How Non-Profits Are Revolutionizing Social Media Marketing

How Non-Profits Are Revolutionizing Social Media Marketing

Everyone remembers the Ice Bucket Challenge of 2014. However, few people realize that after those millions of buckets of frigid water were upended, the ALS Association (a non-profit group devoted to researching the neuro-degenerative disease and aiding current sufferers) walked away with more than $220 million in excess donations. With the money, the organization was able to provide more funding to scientists searching for viable treatments and cures, but much more important than the extra income, the ALS Association has benefited from unprecedented exposure of a previously unfamiliar disease.

The ALS Association isn’t alone in its ability to harness the power of social media to benefit society. In fact, many non-profits excel at their abilities to craft moving and engaging social media marking campaigns. Whether you run a charitable organization or a profitable enterprise, you can benefit from learning more about how brilliant social media marketing can garner support for any cause.


Non-profit organizations can’t afford to be wasteful, and that means they make the most out of every free (or cheap) marketing opportunity they can get their hands on — and that includes social media. It doesn’t take much practice or research to transform a devoted project manager into a social media guru. Plus, because all popular social media sites are free to sign up and use, non-profits have an inexpensive way to directly access their target audience. Any company can take advantage of the cost-cutting benefits of social media.

However, more critically, most non-profit organizations know how to spread these free services to their limits. The best social media marketing places URLs to relevant profiles in each and every piece of content. That means every website page, every email newsletter, every guest blog, and even every alternate social media site includes links.

For an excellent example, consider the Nature Conservancy, which boasts:

  • Seven different social media profiles on Facebook, Twitter, WeChat, Google+, Flickr, LinkedIn, and Instagram
  • Well-placed links on the organization’s homepage
  • Large buttons to share blogs and other content on social media sites or email
  • Strategic subscription buttons for additional information via email


The biggest advantage social media has over more traditional forms of advertising is unquestionably engagement. Unlike television and print ads, social media allows two-way conversation, so audiences can speak directly to companies, and vice versa. While a handful of for-profit brands are particularly clever at interacting with their fans over social media — Taco Bell springs to mind — most non-profits are even more adept. The ALS Ice Bucket Challenge is perhaps the biggest and best example of this, but other non-profits have been able to inspire engagement in impressive ways, as well.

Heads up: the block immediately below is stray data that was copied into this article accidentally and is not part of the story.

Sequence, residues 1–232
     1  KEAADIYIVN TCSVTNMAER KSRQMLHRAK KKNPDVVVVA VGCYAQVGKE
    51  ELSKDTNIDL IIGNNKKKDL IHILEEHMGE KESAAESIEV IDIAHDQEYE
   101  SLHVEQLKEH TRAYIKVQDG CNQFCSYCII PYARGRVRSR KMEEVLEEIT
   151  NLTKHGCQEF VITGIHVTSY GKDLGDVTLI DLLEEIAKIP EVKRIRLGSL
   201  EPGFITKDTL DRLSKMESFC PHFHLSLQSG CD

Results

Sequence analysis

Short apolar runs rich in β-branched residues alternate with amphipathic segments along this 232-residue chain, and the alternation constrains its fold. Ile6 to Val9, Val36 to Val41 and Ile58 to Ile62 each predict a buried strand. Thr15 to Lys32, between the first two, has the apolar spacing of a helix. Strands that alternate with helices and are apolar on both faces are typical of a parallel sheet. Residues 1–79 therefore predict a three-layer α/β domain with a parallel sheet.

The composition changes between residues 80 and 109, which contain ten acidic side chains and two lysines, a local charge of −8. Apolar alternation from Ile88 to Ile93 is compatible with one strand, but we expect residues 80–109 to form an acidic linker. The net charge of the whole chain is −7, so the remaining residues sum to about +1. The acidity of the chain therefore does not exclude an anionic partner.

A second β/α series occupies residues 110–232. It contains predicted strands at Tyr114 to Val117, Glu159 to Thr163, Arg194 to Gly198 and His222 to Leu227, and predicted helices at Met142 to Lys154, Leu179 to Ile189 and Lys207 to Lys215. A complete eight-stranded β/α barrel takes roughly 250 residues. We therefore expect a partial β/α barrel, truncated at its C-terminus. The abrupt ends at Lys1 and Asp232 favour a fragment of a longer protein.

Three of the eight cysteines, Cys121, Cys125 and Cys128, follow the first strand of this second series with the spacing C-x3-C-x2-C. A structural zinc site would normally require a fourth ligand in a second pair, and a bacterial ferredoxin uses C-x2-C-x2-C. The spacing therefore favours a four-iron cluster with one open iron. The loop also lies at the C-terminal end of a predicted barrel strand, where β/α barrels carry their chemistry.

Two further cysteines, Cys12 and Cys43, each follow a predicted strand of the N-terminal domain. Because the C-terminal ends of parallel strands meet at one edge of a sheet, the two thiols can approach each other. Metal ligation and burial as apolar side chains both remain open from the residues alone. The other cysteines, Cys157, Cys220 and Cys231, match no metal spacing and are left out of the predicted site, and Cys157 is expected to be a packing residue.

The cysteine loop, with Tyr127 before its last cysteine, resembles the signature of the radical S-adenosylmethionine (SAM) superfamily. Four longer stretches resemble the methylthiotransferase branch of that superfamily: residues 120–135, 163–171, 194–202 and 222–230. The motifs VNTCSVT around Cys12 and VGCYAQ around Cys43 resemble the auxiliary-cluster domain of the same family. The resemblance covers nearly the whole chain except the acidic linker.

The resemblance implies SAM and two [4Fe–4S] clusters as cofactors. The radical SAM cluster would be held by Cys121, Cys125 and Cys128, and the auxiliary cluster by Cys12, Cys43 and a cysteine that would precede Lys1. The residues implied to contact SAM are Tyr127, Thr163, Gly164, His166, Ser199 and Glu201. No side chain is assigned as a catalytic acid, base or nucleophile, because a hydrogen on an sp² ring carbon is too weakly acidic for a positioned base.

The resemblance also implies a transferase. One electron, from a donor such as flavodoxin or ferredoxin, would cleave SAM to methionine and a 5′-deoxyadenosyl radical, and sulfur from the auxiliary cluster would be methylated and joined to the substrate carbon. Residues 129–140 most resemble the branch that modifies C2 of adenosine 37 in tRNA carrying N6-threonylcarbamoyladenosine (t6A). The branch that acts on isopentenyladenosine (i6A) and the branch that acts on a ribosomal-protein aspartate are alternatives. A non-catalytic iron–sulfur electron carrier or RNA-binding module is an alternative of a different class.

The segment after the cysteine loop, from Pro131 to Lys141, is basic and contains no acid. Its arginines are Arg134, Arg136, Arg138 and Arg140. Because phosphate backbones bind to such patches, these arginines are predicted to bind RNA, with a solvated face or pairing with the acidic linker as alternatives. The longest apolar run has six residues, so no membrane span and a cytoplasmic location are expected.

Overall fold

Nearly every non-profit encourages its followers to share their stories, but Big Brothers Big Sisters took storytelling to a higher level with their YouTube-hosted Web series “Start Something.” Featuring real mentors and mentees, the two- to three-minute videos are funny, tragic, and heartwarming all in one. Plus, they are easily digested and shared, which are the hallmarks of superior social media content.


Unlike for-profit companies that may boast exciting and fun products or services, the causes that non-profits support generally aren’t electrifying — in fact, more often than not, they are just the opposite. However, studies have shown that any emotional response is beneficial to an online marketing campaign, and most non-profits’ moving and maddening causes are excellent fodder for social media.

Water is Life took a concept that most Internet users jovially identify with — first world problems — and used it to spread sympathy for the less fortunate around the world. With videos of underprivileged children and adults around the world, the organization nearly shamed their audience with their naiveté and encouraged viewers to contribute to end a real global problem — lack of clean, fresh water — which most people eagerly did.

Alternatively, Best Friends Animal society was able to use empathy in a more entertaining manner. With their smartphone app My Dog ID, the non-profit matched potential owners with pets with facial recognition software: An interested pet owner took a selfie, and the app found a pet with similar features. Then, users could share their matches on social media. Thus, the organization could engage their audience while inviting identification with its animals in need.

Non-profits aren’t the only group to stand out with their social media marketing campaigns. In fact, any organization, large or small, that commits itself to standing out on the Web can achieve some amount of renown. By following in the paths of non-profits, you can make your company social media famous — hopefully without dumping a bucketful of ice water over your head.